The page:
Researchers seek link between HIV/HCV infection and severe liver disease
Persons with both HIV and hepatitis C (HCV) develop liver disease that progresses faster and is more severe than it is in individuals with only one infection.
It’s not known why co-infection speeds up liver disease, but researchers at UNT Health Science Center in Fort Worth hope to find out with the help of a $1.2 million grant from the National Institutes of Health.
Antiviral drugs allow patients with HIV to live longer, but those who are co-infected with HCV face a more than five-fold higher risk for cirrhosis-related liver complications.
Cirrhosis and end-stage liver disease accounts for approximately 50 percent of all deaths in co-infected patients and is the leading cause of morbidity and mortality of such patients in Western countries, said In-Woo Park, PhD, Associate Professor in Cell Biology and Immunology and the grant recipient.
"They’re not dying from AIDS," he said. "But they are dying from liver disease."
Dr. Park believes that the HIV-1 viral protein Nef plays a critical role in the acceleration of liver disease.
"If we can block the transfer of NEF, we may be able to at least impede or deter the progression of the liver disease," he said.
Once it is understood why liver disease progresses so rapidly in co-infected individuals, the next step is to develop prognostic biomarkers and therapies against this malady, Dr. Park said.
By Jan Jarvis S. Suresh Madhavan had just earned an MBA and was working at a good job in India when he made a decision that changed the course of his career. “I felt unfulfilled so I decided to come to the United States,” he said. “It was really out of a sense of adventure more than anyt...Read more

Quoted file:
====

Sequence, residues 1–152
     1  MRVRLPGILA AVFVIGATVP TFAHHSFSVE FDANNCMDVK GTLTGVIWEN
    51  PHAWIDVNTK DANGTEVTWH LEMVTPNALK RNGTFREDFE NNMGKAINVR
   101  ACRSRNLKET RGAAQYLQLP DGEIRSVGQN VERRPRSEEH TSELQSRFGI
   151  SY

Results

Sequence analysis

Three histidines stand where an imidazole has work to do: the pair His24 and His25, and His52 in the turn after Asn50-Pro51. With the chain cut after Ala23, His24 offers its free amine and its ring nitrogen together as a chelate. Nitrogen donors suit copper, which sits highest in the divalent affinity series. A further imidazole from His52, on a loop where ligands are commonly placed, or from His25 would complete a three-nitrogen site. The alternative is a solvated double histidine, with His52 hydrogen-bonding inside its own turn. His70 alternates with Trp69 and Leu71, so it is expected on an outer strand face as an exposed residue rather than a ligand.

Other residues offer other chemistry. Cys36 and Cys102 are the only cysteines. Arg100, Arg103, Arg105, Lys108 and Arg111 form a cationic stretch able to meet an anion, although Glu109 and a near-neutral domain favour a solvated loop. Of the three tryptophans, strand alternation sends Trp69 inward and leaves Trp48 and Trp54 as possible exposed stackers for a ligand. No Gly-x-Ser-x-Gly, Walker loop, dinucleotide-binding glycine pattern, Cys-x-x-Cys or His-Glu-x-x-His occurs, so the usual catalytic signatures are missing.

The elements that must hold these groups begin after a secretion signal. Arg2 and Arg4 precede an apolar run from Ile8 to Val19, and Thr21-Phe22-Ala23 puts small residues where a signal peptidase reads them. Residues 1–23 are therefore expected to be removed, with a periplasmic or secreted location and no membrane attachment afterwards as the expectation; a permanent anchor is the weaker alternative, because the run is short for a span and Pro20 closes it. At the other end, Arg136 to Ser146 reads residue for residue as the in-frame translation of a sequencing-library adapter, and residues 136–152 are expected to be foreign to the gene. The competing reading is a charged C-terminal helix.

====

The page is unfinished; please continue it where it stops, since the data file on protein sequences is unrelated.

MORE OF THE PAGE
Apr 24, 2019
By Alex Branch Dr. Mindy Hansen’s path to becoming the top osteopathic resident physician in the United States started on the basketball hardwood in frigid Minnesota. A four-year shooting guard at the University of Minnesota, she loved being active, using her hands. She spent 15 years af...Read more
Apr 24, 2019
By Sally Crocker Dr. Witold Migala is ready to hit the road again. The epidemiologist who has traveled the world helping people from Haiti and Madagascar to Nigeria and beyond has lived, worked or experienced more than 75 countries during his lifetime. He was in the first UNT Health Sci...Read more
Apr 24, 2019
By Betsy Friauf E-Eycling Event Date: Tuesday, April 23 Time: 7:30-10:30 a.m. Location: Loading dock of the Medical Education and Training Building (near intersection of Bunting and Haskell avenues) Free to the public and the UNTHSC campus Get a free reusable straw set ...Read more
Apr 22, 2019